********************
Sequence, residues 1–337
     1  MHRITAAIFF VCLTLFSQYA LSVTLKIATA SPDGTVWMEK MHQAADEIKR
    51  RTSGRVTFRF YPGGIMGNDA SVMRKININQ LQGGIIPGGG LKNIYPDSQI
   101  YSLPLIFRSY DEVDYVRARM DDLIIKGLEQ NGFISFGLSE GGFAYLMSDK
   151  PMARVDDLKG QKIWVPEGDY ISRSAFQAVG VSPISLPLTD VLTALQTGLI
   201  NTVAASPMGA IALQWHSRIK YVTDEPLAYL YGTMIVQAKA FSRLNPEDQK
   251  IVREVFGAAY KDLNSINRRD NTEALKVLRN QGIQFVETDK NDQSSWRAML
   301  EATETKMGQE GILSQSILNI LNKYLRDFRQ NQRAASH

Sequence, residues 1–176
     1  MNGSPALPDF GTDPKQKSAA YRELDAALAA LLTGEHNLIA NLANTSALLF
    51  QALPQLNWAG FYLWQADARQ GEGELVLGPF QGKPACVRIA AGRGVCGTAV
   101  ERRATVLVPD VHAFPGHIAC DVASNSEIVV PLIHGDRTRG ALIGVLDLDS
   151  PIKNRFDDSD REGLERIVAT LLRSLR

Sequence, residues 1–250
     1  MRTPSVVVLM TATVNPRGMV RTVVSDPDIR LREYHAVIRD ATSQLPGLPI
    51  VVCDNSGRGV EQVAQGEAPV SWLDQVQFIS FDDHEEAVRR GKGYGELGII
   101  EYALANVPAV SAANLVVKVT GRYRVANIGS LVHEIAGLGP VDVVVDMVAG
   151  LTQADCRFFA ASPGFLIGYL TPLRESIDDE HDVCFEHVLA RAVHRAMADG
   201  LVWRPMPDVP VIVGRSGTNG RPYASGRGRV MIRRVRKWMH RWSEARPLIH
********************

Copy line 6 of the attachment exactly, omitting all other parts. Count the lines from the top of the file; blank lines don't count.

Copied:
   201  NTVAASPMGA IALQWHSRIK YVTDEPLAYL YGTMIVQAKA FSRLNPEDQK